For me, being green starts with a foundation of stewardship – being responsible for all the resources God has blessed us with. As a church consultant, I am committed to helping churches maximize their resources for the greatest ministry impact they can possibly have in their community. I believe that an important part of this challenge is to know how you can immediately improve your existing facilities to make them more energy-efficient and environmentally friendly. I also know that as you think about planning your next facility expansion, there are many benefits to thinking green.

Why should Your Church go Green?

  • Churches are community examples – people look to their houses of worship and their spiritual centers for guidance. What happens in these places can have a positive ripple effect across the region as homeowners, businesspeople, government workers and others help their own buildings to emulate the ethical example set by the local church.
  • All churches are good candidates for improvements – Most sanctuaries are large spaces used only periodically throughout the week. Something as simple as a programmable thermostat can save hundreds of dollars a year in utility bills. Most church offices are high-traffic, well-used areas where even small changes like weather stripping, Energy Star appliances, or compact fluorescent bulbs would make a huge difference.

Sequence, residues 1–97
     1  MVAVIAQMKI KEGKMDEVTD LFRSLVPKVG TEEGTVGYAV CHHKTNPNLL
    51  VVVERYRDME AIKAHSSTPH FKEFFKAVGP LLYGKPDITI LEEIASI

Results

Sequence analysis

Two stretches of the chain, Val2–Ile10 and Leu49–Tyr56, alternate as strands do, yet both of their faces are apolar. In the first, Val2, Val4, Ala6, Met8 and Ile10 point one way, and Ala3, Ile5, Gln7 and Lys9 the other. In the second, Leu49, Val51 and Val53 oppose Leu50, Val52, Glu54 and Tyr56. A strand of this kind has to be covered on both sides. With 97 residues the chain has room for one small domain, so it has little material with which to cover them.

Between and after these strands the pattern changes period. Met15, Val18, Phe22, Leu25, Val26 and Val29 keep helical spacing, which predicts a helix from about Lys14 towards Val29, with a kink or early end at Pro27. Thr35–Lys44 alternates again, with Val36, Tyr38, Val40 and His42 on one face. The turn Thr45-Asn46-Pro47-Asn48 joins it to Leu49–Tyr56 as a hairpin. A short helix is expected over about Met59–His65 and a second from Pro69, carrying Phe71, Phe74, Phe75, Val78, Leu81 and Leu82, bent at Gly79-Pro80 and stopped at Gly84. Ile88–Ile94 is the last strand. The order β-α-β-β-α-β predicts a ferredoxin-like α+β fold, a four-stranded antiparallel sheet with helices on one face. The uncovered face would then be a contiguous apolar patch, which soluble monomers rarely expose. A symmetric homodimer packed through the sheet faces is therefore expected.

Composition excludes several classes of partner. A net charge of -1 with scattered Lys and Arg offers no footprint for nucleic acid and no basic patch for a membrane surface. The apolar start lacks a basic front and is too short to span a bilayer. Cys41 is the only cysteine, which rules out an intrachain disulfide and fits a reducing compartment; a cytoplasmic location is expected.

• Church buildings stand for something – Your building was built to the glory of God, the service of humanity, and the potential of the spirit. Inside these buildings we celebrate Creator and His creation. We build a community, the Church. We should be good stewards of all Creation, caring for the earth and one another.

Bottom line? If your church can be more EFFICIENT in its use of resources, then it will be more EFFECTIVE in its ministry endeavors. I encourage you to enter the dialogue about how your church can become a community leader in environmental issues. It really is getting easier to be green!

Greening America’s Congregations

Today I am in Washington DC, participating in a conference entitled “Greening America’s Congregations. It is being held at the White House and is jointly hosted by the White House office of Faith Based Programs and the Environmental Protection agency.